As for digital SLR – bah, the old film days required the greatest skills. For me the best cameras to use are still the ones which let you do all the work (focus, aperture, exposure). If I were still a rabid photographer I’d definitely go for a small or medium format digital SLR though; unlike many photographers I don’t have any great attachment to the darkroom – except when it comes to playing tricks with film. If I had some megabucks I’d build a medium format 3-color camera using 3 super sensitive “field transfer” CCDs – I’d even use some tricks so I could operate in a still stereoscopic mode, or I’d just go all apeshit and build a stereoscopic video recorder. At the moment I’m having a very hard time trying to convince people they should cough up some money to build a simple 2-color camera, so I guess I’ll only be dreaming about those 3-color stereoscopic beasts.

  6. #6 Greg Laden
    August 12, 2010

    “Begging the question” is a form of logical fallacy … bla bla bla … true in the first place.

    Not the way I use it. To me.

    To beg the question does means “to raise the question.” (e.g. “It begs the question, why is he so dumb?”). Remember, the word “question” in the phrase refers to a literal question. Which is why the word … question … was chosen instead of, say, kumquat. This is the common usage of the term found among those who have the most to do with language, such as journalists, advertisers, and major mass media entities.

    But I must say, your comment begs the qustion: “Why are there begging the question trolls?”

  7. #7 chuck13
    August 12, 2010

    Your headline implies that there is more sex between women than between men it would seem

  8. #8 Oxytocinz
    August 12, 2010

    I wish! I have the phone and everything! Not a sausage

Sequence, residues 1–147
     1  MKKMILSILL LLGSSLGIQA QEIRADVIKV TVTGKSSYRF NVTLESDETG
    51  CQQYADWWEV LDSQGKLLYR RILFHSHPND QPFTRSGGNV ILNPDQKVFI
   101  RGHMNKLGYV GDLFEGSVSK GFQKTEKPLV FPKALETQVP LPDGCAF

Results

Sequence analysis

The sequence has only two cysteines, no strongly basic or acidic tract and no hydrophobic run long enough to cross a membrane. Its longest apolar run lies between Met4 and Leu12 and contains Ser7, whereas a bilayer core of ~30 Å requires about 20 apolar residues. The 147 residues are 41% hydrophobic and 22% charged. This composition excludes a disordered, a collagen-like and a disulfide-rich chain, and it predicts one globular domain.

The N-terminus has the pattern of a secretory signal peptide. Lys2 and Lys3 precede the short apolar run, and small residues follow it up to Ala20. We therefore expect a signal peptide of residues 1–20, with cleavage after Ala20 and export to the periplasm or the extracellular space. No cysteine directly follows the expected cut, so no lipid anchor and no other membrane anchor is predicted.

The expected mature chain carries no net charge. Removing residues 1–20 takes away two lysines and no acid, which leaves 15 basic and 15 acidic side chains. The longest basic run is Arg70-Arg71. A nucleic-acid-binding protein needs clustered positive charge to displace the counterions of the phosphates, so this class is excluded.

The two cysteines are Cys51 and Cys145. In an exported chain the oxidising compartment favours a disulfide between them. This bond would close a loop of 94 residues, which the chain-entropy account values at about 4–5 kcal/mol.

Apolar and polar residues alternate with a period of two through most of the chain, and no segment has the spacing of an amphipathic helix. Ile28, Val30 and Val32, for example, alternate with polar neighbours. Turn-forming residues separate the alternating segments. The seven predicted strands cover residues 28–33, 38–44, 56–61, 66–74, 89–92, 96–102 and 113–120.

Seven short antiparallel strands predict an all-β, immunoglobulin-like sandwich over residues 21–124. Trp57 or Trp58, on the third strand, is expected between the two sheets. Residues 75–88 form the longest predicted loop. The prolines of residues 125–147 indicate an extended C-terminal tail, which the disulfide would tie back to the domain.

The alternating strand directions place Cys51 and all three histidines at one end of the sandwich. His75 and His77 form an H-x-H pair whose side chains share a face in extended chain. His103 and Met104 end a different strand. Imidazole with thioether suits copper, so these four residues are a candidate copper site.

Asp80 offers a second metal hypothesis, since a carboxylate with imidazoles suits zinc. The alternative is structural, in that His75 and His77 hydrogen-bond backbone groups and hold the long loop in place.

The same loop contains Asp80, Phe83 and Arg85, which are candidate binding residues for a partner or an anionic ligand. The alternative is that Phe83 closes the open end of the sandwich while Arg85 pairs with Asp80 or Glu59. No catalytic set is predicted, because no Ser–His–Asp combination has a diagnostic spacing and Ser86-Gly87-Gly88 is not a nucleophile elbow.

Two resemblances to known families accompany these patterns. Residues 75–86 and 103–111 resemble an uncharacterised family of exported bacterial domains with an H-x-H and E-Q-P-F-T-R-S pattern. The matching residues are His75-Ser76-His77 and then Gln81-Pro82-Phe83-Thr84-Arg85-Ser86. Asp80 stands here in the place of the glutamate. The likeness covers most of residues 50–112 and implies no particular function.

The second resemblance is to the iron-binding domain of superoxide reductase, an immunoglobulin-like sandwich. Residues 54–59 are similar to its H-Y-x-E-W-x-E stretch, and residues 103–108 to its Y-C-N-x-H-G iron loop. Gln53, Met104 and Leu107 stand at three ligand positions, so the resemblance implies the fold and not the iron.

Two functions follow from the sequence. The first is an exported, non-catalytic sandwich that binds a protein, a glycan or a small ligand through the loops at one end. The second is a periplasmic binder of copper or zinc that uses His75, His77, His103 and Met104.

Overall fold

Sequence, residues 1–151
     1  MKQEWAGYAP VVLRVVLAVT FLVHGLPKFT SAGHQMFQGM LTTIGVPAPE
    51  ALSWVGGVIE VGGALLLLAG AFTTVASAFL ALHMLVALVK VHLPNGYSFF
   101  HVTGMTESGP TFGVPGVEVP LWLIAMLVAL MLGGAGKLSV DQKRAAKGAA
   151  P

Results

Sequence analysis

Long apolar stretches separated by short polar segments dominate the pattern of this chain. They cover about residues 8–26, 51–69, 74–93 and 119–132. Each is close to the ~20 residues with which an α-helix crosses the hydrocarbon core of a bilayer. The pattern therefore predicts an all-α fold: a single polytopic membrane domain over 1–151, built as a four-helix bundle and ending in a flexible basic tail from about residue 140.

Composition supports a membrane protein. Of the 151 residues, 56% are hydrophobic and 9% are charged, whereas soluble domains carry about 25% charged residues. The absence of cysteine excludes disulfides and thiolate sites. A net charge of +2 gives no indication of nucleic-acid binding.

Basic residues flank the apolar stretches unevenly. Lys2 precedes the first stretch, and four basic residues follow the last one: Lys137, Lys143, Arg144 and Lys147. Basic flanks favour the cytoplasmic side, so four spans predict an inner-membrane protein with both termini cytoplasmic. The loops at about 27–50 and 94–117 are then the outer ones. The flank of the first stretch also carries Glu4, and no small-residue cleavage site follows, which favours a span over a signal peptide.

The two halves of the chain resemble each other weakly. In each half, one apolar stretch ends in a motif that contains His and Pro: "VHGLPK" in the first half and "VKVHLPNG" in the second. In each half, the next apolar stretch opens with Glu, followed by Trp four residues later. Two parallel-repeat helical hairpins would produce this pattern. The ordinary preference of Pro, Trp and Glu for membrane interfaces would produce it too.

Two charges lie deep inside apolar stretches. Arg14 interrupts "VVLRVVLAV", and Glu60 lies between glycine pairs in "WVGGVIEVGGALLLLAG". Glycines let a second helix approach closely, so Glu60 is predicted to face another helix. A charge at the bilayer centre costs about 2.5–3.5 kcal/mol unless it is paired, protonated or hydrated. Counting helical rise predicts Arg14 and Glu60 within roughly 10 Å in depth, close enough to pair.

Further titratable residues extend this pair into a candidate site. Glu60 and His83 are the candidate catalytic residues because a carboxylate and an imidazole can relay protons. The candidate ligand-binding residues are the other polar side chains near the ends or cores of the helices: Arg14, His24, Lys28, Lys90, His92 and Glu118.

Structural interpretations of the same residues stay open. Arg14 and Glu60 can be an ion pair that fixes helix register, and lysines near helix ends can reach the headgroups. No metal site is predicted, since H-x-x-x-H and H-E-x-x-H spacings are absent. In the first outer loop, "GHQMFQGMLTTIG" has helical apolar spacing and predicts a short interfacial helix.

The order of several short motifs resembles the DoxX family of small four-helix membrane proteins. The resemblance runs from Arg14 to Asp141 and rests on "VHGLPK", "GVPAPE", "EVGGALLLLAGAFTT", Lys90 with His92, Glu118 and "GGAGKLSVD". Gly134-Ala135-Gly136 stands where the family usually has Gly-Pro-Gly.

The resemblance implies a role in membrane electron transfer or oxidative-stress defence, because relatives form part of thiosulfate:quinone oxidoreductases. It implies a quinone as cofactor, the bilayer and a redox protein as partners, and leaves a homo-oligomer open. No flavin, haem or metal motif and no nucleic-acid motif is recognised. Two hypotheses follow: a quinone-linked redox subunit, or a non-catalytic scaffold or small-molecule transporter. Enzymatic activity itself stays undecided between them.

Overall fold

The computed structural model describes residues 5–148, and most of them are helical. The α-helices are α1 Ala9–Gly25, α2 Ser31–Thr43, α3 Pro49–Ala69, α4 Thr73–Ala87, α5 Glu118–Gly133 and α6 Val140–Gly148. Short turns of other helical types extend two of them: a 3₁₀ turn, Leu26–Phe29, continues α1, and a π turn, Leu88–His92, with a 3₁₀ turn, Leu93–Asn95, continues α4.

9. #9 Greg Laden
    August 12, 2010

    chuck13 … begging the question!

    Hey, I’m just reporting what the ysay.

  10. #10 Arjen
    August 13, 2010

    Normally I’m a lurker here, but being a bit of a photographing nerd I have to comment on this post. It doesn’t matter what kind of camera you use. Those things are stupid and do only one thing. They measure light and translate it into one’s and zero’s that some other nifty computer program than translates into an image on your screen. Nothing else. A good photographer can use the good and bad points of the camera to make good photos even with the most simple point and shoot. A bad photographer will not make a good photo with a good camera.

    “The single most important component of a camera is the twelve inches behind it.” Ansel Adams

    And the light thing. It is called the golden hour and takes place around sunrise and sunset. The light has a very nice warm and golden colour and you get the best opportunity for the most atmosphere in photos. It is called the golden hour, but depending on the season and location on the globe it can take as long as a few hours (high north in the summer when the sun doesn’t set) to a few minutes if you are lucky, to not even happening due to weather conditions.